Positioning and Differentiating Your Business

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The E-Myth Mastery Program
Module 2: E-Myth Marketing Fundamentals
Business Development Process: MK-0040

Positioning and Differentiating Your Business

Positioning Strategy Worksheet

The E-Myth Mastery Program
Module 2: E-Myth Marketing Fundamentals
Business Development Process: MK-0040

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Target Market:

Part 1 – Developing the Components of Your Positioning Strategy The first step in writing your Positioning Strategy is to select the six general components by checking the appropriate boxes in each category below. Then translate those general components into the specific elements of your Positioning Strategy by writing down how each applies to your business in your target market.

I Product acceptance
I Commodity selection
I Brand preference

How it applies in this market segment…

I Prestige identification
I Preemptive persuasion
I Brand/product imagery

How it applies in this market segment…

I Interpersonal
I Objective
I Introverted

How it applies in this market segment…

General classification

Relative standing

Gratification mode

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I Experimental
I Performance
I Value

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Not just a car, but the ultimate driving machine. (sensory
impact, unconscious associations)
Not just an investment service, but your road to financial
independence. (unconscious associations, conscious-mind
conclusions)
Not only a restaurant, but your best value in good taste.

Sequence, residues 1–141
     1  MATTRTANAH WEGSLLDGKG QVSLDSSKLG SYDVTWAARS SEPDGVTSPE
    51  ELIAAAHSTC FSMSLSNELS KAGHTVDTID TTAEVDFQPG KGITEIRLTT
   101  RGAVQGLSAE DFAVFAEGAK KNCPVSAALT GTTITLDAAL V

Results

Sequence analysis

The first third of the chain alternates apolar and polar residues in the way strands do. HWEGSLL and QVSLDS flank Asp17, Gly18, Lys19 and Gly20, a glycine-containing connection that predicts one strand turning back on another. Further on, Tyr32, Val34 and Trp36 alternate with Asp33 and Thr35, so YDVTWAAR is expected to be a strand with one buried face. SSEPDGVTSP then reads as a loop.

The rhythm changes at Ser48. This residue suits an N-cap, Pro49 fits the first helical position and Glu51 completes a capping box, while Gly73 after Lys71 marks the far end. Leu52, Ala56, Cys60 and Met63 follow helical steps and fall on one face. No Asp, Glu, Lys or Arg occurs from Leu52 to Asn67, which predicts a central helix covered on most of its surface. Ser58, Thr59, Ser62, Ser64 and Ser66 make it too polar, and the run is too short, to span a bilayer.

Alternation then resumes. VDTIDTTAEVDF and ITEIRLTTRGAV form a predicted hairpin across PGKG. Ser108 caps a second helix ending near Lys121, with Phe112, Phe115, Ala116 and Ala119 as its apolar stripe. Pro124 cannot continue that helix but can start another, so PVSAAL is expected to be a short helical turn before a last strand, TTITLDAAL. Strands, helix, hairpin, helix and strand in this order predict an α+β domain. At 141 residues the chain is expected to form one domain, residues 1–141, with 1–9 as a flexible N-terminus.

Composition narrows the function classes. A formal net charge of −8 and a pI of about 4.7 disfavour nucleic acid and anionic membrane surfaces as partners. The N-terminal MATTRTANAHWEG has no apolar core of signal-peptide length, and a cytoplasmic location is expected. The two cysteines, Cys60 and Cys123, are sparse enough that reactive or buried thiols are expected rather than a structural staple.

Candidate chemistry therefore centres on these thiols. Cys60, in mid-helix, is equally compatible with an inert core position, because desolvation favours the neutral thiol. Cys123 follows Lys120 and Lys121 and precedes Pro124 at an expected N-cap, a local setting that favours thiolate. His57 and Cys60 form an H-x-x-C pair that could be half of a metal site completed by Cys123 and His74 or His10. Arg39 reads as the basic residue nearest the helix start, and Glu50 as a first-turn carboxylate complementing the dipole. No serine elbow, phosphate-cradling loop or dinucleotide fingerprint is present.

(functionality, price/value)
More than an insurance company, we’re round-the-clock
security. (access/convenience)

As you think about ways to redefine your product, keep in mind: 1) the product and company attributes that are most important to your customers; and 2) the attributes that make you stand out from your competition. You’ll find it helpful to keep in mind the Central Psychographic Model – the type of buyer in your market segment – while also staying aware of what sets your business and its products/services apart from the competition.

All these product attributes need to be considered in the context of why people buy and how they get their emotional gratification. Building a Positioning Strategy founded on these essential
elements will give you the best competitive advantage.

Developing Your Positioning Strategy
You should have a written Positioning Strategy for each of your target markets. A good Positioning Strategy contains all six components we’ve just covered in the first half of this booklet, in addition to an opening sentence. The six components are:

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I
I
I
I

Purchase preference

Positioning and Differentiating Your Business

How it applies in this market segment…

Copyright © 1986, 1988, 1994, 1996 by E-Myth Worldwide. All rights reserved. No part of this publication may be reproduced or transmitted in any form or by any means, electronic or mechanical, including photocopy, recording, or any information storage and retrieval system, without permission in writing from E-Myth Worldwide.

General classification
Relative standing
Gratification mode
Purchase preference
Key psychographic characteristics
Key product attributes

It’s best to write your Positioning Strategy in two steps, which the worksheet at the end of this booklet shows you how to do. First, identify the generic components of your Positioning
Strategy, then translate them into the specific language and wording that apply to your target markets.
You’ll find it works best, especially the first time you do it, if you keep this booklet handy so you can refer to the section that

Copyright © 1986, 1988, 1994, 1996 by E-Myth Worldwide. All rights reserved. No part of this publication may be reproduced or transmitted in any form or by any means, electronic or mechanical, including photocopy, recording, or any information storage and retrieval system, without permission in writing from E-Myth Worldwide.

The E-Myth Mastery Program
Module 2: E-Myth Marketing Fundamentals
Business...
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